A frequent issue that arises in Pennsylvania divorce cases is how a premarital asset that was contributed to the marriage…
Separate Finances? Guess Again.
A few of the attorneys from our office were out to lunch the other day when our conversations turned to the different types of relationships we see come through our office. The one that we ended up talking about the most is what I like to refer to as the “roommate marriage.” In this type of marriage the couple maintains separate finances as if they were roommates – they keep separate bank accounts and divide responsibility for the bills. One of the attorneys recalled a couple in a “roommate marriage” that she divorced where the husband was so meticulous about making sure everything was “even” that he kept a chart on the refrigerator to account for everything down to who paid for ice cream cones when they were out.
Needless to say, I am never surprised when “roommate” marriages end in divorce. Frankly, I wonder why the couple even got married in the first place. One of the fundamental principles of marriage is that it is a partnership where each spouse is supposed to contribute to the greater good of the marriage. If you are just going to operate independently, why bother?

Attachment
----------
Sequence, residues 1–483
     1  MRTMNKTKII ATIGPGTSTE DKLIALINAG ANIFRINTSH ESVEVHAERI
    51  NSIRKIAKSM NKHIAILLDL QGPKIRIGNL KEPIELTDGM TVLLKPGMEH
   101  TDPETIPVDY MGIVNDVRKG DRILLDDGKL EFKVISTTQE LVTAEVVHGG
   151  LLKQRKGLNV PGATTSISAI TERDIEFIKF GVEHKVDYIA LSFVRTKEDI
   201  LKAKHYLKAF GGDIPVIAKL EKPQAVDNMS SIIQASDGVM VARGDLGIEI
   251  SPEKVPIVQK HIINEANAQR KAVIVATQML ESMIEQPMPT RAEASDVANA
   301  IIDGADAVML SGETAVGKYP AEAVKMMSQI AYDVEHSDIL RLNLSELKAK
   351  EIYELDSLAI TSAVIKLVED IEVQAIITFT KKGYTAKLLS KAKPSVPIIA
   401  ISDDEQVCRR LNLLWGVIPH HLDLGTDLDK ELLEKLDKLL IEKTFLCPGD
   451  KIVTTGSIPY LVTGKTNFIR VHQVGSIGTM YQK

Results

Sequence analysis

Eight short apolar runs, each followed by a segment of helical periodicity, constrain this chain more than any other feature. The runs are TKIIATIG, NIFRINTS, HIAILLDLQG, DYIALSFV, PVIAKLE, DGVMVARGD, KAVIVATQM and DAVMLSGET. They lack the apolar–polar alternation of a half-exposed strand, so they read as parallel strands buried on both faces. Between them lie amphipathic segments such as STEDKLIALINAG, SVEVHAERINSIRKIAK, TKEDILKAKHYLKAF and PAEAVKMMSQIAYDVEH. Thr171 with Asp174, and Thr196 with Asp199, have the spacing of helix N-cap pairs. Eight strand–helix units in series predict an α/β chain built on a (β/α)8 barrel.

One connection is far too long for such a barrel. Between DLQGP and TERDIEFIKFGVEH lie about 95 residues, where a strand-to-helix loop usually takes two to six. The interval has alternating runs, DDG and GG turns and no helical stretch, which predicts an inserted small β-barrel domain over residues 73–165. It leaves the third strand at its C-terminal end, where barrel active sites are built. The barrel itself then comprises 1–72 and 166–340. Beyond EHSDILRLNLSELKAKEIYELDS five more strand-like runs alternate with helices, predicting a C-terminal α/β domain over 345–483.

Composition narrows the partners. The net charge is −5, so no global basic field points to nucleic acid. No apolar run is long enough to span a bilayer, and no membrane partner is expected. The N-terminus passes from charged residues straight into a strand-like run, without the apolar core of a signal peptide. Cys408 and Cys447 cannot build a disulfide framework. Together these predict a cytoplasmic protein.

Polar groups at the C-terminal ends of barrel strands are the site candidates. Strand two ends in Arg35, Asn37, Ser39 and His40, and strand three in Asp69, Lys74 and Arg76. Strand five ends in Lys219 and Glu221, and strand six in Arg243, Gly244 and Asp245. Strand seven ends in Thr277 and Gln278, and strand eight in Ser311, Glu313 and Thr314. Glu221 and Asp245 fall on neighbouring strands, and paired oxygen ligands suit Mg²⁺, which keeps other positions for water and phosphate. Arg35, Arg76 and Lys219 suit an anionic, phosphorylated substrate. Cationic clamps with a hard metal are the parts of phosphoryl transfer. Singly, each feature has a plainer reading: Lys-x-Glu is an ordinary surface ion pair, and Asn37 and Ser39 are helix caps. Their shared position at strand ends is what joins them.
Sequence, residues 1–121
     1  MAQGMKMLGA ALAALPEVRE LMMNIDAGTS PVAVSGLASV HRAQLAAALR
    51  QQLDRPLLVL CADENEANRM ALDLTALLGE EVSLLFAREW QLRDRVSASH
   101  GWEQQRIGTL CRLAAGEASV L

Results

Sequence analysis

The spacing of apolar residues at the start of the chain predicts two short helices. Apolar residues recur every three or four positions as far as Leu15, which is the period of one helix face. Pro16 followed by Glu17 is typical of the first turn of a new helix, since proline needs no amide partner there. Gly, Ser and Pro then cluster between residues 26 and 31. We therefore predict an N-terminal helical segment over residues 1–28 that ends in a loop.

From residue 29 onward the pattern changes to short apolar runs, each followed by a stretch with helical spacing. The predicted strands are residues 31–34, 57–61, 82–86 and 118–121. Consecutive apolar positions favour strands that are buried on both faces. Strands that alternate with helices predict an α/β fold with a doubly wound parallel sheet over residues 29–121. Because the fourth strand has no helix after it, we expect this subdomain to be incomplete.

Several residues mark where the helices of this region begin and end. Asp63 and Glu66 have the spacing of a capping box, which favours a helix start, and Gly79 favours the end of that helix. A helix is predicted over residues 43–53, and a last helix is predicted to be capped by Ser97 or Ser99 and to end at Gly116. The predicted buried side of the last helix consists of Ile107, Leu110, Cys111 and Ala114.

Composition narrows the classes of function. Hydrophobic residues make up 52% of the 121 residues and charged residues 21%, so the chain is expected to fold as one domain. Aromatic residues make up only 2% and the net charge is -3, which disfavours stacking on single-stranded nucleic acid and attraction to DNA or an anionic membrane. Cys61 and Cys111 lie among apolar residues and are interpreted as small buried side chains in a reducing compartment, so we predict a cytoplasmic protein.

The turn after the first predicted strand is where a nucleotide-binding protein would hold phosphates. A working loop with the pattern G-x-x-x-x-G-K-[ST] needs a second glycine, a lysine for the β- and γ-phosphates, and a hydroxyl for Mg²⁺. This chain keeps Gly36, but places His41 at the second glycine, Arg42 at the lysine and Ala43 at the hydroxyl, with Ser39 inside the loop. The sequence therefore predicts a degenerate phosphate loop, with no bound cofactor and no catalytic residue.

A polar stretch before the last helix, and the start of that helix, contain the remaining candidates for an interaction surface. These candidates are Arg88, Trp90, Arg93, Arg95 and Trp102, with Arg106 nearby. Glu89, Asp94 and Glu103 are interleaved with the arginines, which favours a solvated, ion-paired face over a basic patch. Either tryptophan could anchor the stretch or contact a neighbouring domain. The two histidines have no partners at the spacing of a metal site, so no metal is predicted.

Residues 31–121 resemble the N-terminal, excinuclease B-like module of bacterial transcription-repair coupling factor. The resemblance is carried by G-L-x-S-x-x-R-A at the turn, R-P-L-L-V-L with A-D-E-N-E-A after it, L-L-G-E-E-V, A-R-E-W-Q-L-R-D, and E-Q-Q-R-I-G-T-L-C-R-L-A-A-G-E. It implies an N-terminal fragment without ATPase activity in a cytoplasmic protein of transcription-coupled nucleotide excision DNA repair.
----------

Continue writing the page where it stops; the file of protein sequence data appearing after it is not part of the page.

The surprise for spouses in “roommate” marriages comes when they get to my office. That’s when they learn that all of the dividing of bills and maintenance of separate accounts doesn’t matter one bit when it comes time to divorce. “His money” and “her money” are just seen by the law as joint marital assets to be divided equitably. All that time they spent accounting for who paid for what? Totally wasted.
In one divorce I had where I represented the husband, the parties had maintained their “roommate” marriage for around thirty years. For whatever reason, during the marriage the wife had accumulated more money in her retirement accounts than the husband. She was shocked to discovery he was going to receive a good portion of her retirement accounts in the divorce. She simply couldn’t get over the fact that he was going to get some of “her” retirement money.
Bottom line? If you want to keep your money separate, don’t get married or get a good prenuptial agreement before you do.